- Downtown Pittsburgh is in the middle of a multibillion-dollar building boom with $3.9 billion of projects either underway or in the planning stage, according to the Pittsburgh Post-Gazette. Currently under construction are 28 projects worth approximately $1 billion.
- The Pittsburgh Downtown Partnership's 2018 State of Downtown Pittsburgh report revealed that in addition to the almost $4 billion in active or planned projects, $4.6 billion of new construction has been completed since 2008. The number of building permits issued for the city's greater downtown rose 91% in 2017 to 551 from 2016's 288, and the dollar value of last year's permits was $374 million, an increase of 72% from 2016. When limited to the downtown core only, there were 348 new building permits issued last year. Retail, hotels, residential, office, coworking space and educational projects are all part of the uptick in construction activity.
- Although hotel occupancy rates are down slightly, the demand for downtown housing is growing. The number of greater downtown residents has more than tripled since 2000 and doubled in the downtown core. Approximately 4,100 residential units are either under construction or in development in and around downtown.
Every so often, researchers will predict a population shift to suburbia, and a recent Brookings Institution report backs that up to some degree. In an analysis of U.S. Census Bureau data from 2011 to 2017, Brookings found that pre-Great Recession trends have once again taken hold and that there have been increased moves to the suburbs, rural areas and a shift from the snowy north to the sunny south. People are also favoring small and mid-size metros over large cities. Brookings surmised that the shift was at least partially a result of an improving economy, which means Americans can better afford homes, including millennials who are starting families and want to do so in areas outside of an urban environment.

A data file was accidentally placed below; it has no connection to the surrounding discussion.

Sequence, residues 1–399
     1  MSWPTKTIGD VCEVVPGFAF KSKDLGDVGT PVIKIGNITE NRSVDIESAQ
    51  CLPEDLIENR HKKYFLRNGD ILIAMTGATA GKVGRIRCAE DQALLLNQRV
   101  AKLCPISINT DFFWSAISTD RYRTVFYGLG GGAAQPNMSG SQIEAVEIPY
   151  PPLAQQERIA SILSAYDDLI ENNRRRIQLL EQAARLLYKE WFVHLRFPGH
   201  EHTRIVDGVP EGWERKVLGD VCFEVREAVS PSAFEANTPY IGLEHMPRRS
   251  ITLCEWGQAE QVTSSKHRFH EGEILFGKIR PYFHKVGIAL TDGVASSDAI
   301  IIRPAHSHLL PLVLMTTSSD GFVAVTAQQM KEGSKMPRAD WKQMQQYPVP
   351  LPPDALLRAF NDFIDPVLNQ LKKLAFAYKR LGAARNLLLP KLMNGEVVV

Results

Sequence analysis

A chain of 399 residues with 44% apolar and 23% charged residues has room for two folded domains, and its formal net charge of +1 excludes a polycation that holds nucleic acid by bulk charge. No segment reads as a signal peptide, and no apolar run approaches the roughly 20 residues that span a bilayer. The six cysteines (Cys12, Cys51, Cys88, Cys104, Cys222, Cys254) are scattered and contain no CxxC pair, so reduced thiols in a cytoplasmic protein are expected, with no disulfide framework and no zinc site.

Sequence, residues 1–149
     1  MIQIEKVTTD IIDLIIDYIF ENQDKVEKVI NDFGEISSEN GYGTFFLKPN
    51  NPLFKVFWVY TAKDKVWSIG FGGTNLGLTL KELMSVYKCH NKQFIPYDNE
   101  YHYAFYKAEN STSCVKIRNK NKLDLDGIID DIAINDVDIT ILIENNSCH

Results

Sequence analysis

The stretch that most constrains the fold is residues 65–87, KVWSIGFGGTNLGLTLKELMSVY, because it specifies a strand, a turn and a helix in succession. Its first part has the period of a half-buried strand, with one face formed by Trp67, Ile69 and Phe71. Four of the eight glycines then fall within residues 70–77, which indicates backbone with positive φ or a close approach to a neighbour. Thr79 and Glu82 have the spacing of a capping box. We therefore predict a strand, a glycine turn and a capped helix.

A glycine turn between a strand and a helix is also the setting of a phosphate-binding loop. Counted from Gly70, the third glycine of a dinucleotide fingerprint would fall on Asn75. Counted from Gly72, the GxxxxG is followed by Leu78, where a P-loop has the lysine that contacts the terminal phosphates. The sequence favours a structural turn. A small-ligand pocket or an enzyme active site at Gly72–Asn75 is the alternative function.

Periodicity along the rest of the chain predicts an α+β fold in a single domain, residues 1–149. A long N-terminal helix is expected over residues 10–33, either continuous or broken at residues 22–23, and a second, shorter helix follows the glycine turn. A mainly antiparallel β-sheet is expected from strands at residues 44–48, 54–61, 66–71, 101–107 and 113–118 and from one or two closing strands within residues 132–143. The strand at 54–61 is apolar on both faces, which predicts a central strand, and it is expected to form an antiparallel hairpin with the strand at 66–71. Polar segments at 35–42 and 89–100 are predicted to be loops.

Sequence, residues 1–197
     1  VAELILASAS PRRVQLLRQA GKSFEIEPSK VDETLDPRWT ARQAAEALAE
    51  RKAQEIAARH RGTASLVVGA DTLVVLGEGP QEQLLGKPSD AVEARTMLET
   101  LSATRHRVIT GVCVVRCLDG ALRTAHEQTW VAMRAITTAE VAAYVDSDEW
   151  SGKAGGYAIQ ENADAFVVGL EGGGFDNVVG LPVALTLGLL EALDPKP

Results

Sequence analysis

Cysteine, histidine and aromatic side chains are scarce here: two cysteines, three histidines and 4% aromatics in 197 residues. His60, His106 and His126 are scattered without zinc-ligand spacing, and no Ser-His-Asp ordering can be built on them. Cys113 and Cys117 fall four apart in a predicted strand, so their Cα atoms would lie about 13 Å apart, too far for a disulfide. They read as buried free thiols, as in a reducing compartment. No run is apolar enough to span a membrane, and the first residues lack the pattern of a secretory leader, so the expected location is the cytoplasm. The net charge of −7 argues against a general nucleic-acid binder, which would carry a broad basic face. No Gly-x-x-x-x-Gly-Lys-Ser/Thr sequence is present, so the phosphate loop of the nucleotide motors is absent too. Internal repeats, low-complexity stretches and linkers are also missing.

But suburbia is different these days, with many choosing to include the convenience features of big cities in their new developments. These "surban" areas, according to Reonomy, have – or will have – access to transportation, unique retail options, higher education and community amenities like parks and regular cultural events, all within walking distance from residences.
So, while the trend may indicate that people are leaving cities behind, in some ways it could be seen that they are bringing them along.